De Hesselle's Truphone is but one of several world-oriented mobile phone operations that are taking advantage of emerging low-cost global digital cell systems, newly privatized in-country telephone laws and cheap smart mobile devices to offer dramatically frugal global communications products in the lucrative $45.1 billion world mobile roaming market, according to U.K.-based research firm Visiongain. And if my week of doing my work with Truphone -- and a similar product from a company called Telestial -- is any indication, the age of high priced global phone roaming from Verizon ( VZ), AT&T ( T), Sprint ( S) and T-Mobile is officially over. The global mobile virtual network operator
Truphone pulls off its low-cost global phone and data trick not by investing in forests of cell towers or fleets of phone repair trucks. Rather, it behaves like a so-called mobile virtual network operator. In the U.S., that's Boost Mobile or Virgin Mobile. Truphone gathers together long-term carrier agreements with in-country cell operators, say Europe's Vodafone ( VOD) or Telecom Italia Mobile ( TI). Then it offers international travelers not one, but two (!) cellphone numbers, in two different countries, baked into the same phone bought in their home country. My test BlackBerry ( RIMM) Bold, for example, had a U.S. number and a U.K. number. And this two-number mobile identity opens a world of cost-saving possibilities in world telephony.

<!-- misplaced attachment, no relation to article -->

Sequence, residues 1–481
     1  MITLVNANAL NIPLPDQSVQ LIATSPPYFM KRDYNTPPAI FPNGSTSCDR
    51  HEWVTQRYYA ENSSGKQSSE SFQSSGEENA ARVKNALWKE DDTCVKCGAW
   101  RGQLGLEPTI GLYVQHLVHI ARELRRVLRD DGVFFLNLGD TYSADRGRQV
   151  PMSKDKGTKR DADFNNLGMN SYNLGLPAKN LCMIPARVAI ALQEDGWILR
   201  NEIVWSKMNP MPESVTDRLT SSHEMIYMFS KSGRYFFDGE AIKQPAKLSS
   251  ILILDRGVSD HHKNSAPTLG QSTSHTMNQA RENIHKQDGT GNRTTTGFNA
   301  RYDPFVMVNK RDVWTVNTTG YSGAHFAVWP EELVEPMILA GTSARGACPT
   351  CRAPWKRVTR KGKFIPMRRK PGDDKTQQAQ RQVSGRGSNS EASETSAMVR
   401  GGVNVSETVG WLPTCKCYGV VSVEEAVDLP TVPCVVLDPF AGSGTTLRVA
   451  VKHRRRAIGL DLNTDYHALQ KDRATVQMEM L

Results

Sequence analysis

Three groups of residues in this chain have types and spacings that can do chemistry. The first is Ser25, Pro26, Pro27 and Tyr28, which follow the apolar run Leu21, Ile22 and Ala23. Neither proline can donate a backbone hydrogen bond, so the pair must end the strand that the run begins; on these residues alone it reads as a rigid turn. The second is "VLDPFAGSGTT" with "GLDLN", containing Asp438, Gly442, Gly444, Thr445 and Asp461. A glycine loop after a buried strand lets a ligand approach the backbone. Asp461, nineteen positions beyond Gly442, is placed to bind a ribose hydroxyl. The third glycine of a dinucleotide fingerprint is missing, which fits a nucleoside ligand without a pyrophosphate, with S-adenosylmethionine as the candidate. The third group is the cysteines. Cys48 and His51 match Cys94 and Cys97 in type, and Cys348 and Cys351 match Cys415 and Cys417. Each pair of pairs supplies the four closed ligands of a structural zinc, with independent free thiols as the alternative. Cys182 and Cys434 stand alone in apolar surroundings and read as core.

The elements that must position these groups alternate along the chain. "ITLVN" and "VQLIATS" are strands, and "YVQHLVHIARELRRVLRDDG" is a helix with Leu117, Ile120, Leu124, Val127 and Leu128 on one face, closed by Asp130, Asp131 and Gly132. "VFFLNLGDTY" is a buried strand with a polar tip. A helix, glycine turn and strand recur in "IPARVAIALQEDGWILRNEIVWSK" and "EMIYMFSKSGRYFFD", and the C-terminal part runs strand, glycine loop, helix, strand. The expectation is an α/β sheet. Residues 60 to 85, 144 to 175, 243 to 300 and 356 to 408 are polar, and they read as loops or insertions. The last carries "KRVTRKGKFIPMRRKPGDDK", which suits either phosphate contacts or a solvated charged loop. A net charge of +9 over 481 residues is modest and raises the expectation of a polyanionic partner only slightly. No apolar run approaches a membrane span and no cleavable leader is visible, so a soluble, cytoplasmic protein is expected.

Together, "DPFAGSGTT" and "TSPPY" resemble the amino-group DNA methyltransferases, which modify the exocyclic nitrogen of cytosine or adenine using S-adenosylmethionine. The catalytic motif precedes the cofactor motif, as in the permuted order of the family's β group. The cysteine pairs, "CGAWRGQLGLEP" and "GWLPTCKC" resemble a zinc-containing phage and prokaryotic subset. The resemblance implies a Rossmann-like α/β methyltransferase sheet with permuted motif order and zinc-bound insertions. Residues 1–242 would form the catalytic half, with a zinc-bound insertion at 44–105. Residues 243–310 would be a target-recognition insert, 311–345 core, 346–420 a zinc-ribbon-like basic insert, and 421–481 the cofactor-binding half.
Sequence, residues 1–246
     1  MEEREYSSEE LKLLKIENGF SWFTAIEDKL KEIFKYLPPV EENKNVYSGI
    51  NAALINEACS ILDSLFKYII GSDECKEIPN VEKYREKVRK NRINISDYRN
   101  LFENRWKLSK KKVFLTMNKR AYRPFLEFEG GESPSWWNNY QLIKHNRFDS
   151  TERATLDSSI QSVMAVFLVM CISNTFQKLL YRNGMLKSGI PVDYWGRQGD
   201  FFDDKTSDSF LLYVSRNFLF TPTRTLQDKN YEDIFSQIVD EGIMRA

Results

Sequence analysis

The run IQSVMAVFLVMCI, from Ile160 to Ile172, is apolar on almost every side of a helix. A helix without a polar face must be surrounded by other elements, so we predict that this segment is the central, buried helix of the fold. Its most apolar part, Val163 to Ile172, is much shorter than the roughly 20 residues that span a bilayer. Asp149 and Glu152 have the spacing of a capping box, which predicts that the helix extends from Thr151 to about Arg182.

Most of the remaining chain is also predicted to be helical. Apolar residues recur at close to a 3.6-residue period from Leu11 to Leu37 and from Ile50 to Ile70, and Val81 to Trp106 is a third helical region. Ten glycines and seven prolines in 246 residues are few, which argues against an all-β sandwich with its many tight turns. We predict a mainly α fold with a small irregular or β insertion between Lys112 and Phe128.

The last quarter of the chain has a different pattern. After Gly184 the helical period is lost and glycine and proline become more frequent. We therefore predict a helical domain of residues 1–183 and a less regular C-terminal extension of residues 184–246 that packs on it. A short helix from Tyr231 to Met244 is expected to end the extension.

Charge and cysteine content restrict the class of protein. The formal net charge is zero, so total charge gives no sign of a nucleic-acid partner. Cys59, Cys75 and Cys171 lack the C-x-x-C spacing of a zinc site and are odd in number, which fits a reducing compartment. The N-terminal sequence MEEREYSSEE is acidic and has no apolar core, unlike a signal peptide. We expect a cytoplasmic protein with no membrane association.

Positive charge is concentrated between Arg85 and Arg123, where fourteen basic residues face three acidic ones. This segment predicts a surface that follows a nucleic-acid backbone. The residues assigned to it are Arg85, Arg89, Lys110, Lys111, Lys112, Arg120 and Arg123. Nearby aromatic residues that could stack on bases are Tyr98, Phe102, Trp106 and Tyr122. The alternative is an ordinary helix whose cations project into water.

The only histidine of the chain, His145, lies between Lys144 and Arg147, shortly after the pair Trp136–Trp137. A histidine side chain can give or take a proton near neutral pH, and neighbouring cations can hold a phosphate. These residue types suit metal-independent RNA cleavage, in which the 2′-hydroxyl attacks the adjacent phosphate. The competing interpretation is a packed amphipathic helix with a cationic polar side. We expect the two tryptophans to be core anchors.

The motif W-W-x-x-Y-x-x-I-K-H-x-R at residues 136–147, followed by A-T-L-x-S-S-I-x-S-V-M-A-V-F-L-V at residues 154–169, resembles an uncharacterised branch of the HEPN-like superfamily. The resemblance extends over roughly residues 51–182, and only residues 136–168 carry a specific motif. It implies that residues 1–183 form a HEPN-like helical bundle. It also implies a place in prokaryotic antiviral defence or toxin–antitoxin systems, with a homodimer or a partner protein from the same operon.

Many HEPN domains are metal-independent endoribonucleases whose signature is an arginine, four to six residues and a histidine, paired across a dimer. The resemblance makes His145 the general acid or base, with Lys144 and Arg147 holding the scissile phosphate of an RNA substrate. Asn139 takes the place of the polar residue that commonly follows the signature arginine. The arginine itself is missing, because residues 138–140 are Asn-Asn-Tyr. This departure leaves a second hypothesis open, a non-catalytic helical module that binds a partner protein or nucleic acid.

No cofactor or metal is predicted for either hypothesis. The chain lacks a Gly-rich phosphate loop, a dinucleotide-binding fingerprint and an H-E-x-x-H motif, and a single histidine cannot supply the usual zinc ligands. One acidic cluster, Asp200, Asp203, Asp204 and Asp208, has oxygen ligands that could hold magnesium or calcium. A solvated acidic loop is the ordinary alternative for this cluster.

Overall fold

Truphone figures out automatically which identity is cheaper for a given call and passes that savings on to me. Actual savings vary -- we are talking about global cell and data now, and estimated costs are just that: estimates -- but in general I felt that Truphone's claimed rates of roughly half traditional American operator provided global roaming costs were fair.
Services such as Truphone are serious investor stuff indeed. Why? Even though products such as Truphone are just finding a toehold in America, globally they are already commodities. Take a look at something called eKit, which is offered by a similar global virtual provider called Telestial. Telestial is not a hip, fancy, indie startup like Truphone, but rather a wholly owned subsidiary of the JT Group, from the island of Jersey, off the coast of Normandy, France. "We have been a legal place to locate global telephone equipment for about five years now," John Assiter, marketing manager at Telestial, told me last week. "Since then we have been able to ramp up a full range of phone and data products that compete globally." Telestial offers cheap global roaming by shipping a dirt-cheap unlocked Android smartphone with not one, but two SIM card slots. One slot held my U.S. phone identity. One got the Telestial SIM. And, poof, yet again my global voice and data rates got cheap, fast.
Domestic operators feel the heat
No question, U.S. mobile operators are already feeling global roaming fee pressure. Even though AT&T declined to comment for this story, it has begun quietly discounting global voice and data fees and announced an interesting deal with global Wi-Fi provider Boingo Wireless ( WIFI). And analysts say more discounting is coming. "Operators need to alter their strategies in order to maintain these revenue streams," said a report by the U.K.'s Visiongain. All of which is looking sadly familiar to leery Web investors: The once invulnerable global phone roaming market turns out to be just like any other information-based product in the declining digital age. Too many competitors. Not enough barriers to entry. And no reason why it won't get a lot smaller, a whole lot faster.